“I don't begrudge or criticize the governor in the slightest for his attention being diverted to the attempted Trump Administration rollbacks,” said Frank. “With an incoming Biden administration, hopefully, we'll have a far more collaborative federal state relationship and that in turn should free up Governor Newsom’s opportunity to play offense.”
Last year’s record-setting wildfire season was also a major distraction for Newsom, although he did help create a new relationship with the federal government to try to mitigate fire risk. The goal of the federal-state agreement is to thin or burn 1 million acres of forests yearly by 2025.
In his most recent budget, Newsom also proposed to spend a billion dollars on prescribed burns and forest thinning. While that amount of money is a first for fire prevention, says UC Berkeley Forestry Advisor William Stewart, it still doesn’t go far enough because of the vast and expensive nature of fire mitigation needs.
“We may need to do something different than kind of the small scale projects that we historically know how to do,” he said. “There needs to be some people with kind of a skunkworks approach. Can we look at doing this a different way?”
Bills in the U.S. Congress and the state legislature may help increase funding for prescribed burns, and Stewart hopes that the Biden Administration will be more active in managing public lands. He says a change in mindset on the federal level could impact California because more than 50% of public land is managed by the federal government.
“[Fires are] mainly starting on federal lands, that's what's burning,” he said. “There was just no chance to actually have a coherent discussion with the federal government when Trump was in power.”
He says Newsom now has an opportunity to change the fire conversation with the Biden Administration.
Newsom has made a number of moves to manage the state’s water problems, such as droughts, floods, declining fish populations and an over-reliance on groundwater.
Last summer, the governor issued a water resilience portfolio that outlines 142 state actions to help the state deal with water as the climate crisis worsens. It includes measures to protect drinking water, groundwater and fish in the Sacramento-San Joaquin Delta. (Read more about the plan here.)
“It will protect the water supply for essentially two-thirds of Californians from the very real risk of earthquakes, more extreme floods, prolonged droughts and sea level rise,” said Michael Quigley, co-chair of Californians for Water Security, about the governor’s plan.
The roadmap supports the idea of a tunnel construction project that would carry water from Northern California to the southern parts of the state. The idea has been lauded by farmers.
But creating this $17 billion one-tunnel project doesn’t sit well with environmental groups like Sierra Club California, which has asked the administration to come up with alternatives.
“His administration has shown a level of naivete about water policy in the state and that’s sort of jaw dropping,” said Phillips, the group’s director, adding that the new plan is very similar to a two-tunnel project touted by Gov. Jerry Brown.
“They continue to believe that this project that was first proposed in the 1940s will still satisfy California's water needs, even as we face a critical climate crisis that's changing the way water flows.”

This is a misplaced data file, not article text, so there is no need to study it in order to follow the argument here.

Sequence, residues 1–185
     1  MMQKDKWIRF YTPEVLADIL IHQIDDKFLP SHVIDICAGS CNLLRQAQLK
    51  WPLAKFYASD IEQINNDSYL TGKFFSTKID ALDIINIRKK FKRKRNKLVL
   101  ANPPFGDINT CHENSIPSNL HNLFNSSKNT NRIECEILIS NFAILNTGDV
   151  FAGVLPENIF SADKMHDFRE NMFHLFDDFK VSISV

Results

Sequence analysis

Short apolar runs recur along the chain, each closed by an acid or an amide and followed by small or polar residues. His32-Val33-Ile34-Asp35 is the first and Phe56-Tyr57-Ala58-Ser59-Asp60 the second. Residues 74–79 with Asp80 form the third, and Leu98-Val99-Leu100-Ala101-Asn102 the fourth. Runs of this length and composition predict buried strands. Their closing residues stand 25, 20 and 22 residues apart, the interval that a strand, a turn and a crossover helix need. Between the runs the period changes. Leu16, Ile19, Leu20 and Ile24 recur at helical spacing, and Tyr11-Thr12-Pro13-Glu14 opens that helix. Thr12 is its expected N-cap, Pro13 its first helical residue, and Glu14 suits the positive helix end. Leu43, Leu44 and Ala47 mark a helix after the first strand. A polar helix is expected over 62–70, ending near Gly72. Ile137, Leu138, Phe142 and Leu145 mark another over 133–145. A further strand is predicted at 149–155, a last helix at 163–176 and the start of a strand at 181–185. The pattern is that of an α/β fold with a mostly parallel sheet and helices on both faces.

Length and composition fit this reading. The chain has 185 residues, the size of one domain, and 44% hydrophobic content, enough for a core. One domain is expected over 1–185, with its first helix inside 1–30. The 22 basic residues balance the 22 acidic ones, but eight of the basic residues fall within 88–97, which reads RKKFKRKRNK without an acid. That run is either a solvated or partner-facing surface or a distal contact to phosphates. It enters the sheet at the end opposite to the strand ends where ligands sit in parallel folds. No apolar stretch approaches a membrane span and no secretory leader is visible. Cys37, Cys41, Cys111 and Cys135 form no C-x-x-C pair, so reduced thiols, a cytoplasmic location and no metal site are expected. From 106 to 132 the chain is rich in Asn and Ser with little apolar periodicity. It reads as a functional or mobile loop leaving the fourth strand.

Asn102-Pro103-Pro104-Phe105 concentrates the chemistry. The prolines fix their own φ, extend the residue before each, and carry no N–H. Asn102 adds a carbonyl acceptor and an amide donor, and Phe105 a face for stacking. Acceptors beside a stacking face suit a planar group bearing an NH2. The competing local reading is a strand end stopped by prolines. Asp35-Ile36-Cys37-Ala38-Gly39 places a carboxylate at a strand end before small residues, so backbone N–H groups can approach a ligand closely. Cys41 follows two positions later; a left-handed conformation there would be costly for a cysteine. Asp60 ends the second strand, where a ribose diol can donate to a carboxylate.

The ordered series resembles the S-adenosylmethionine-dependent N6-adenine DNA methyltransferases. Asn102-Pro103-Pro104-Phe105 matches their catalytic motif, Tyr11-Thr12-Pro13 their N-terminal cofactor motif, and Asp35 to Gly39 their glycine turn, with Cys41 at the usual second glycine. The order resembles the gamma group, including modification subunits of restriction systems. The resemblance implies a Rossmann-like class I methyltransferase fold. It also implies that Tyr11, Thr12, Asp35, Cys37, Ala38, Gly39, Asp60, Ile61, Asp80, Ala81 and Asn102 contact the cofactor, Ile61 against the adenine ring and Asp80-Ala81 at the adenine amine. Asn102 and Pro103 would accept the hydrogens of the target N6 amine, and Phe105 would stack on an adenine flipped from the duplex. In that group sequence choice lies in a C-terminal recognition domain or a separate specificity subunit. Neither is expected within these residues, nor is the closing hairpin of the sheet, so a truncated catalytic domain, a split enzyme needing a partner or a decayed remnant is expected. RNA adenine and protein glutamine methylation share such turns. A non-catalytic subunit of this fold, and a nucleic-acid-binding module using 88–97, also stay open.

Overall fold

Frank, with the UC Davis Environmental Law and Policy Center, says Newsom needs to focus on preserving the future supply of groundwater, not just give it “the proverbial nod and a wink.”
The governor’s administration needs to find “a new way of doing business that makes our groundwater aquifer sustainable over the long term,” he said.
Frank said if precipitation patterns don’t shift this winter, the state could soon enter another multi-year drought, just years after exiting the last one. That’s just another reason Newsom should take a serious look at groundwater reserves, he said.
“It's out of sight out of mind until there's a major water shortage,” Frank said.
Advocates and policy experts are keenly interested in what Newsom can do going forward, under the new Biden administration.
On the climate front, advocates like Alvaro Sanchez of the Greenlining Institute want the governor to “set a date” to phase out fossil fuels, starting with an extraction method called fracking. In September, Newsom asked the legislature to come up with a plan to phase out the practice.
“That's ultimately what's going to be needed to be successful in the climate,” said Sanchez, environmental equity director for the Institute. “Until we do so, we're just gonna be extending the life cycle of something that we know is cancerous to our lives.”
Sanchez says tackling fossil fuels more aggressively would expedite the state’s progress on climate goals, and improve everyday living conditions for Californians in polluted parts of the state.
He also says Newsom and other California lawmakers need to take more seriously the negative health outcomes that polluted air and water has on disenfranchised communities.
“There are communities in California that have not been seen by our climate policy,” he said. “Believe what folks are saying and … really incorporate what they are asking for into our actual strategies.”
With a new presidential administration focused on equity and climate change, Sanchez says the cap is now lifted off the governor. He says now is the time for Newsom to meet the moment and be bold on the environment.